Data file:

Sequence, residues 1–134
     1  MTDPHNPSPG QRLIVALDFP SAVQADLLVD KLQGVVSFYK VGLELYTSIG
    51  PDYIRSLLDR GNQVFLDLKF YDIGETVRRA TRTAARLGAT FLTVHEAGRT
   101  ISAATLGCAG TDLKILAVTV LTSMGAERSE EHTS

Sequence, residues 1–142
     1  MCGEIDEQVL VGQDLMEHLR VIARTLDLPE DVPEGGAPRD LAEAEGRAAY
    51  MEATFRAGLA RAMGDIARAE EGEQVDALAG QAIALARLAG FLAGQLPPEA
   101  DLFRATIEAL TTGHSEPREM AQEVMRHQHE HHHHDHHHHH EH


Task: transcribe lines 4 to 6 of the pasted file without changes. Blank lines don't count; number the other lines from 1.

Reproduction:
   101  ISAATLGCAG TDLKILAVTV LTSMGAERSE EHTS

Sequence, residues 1–142
     1  MCGEIDEQVL VGQDLMEHLR VIARTLDLPE DVPEGGAPRD LAEAEGRAAY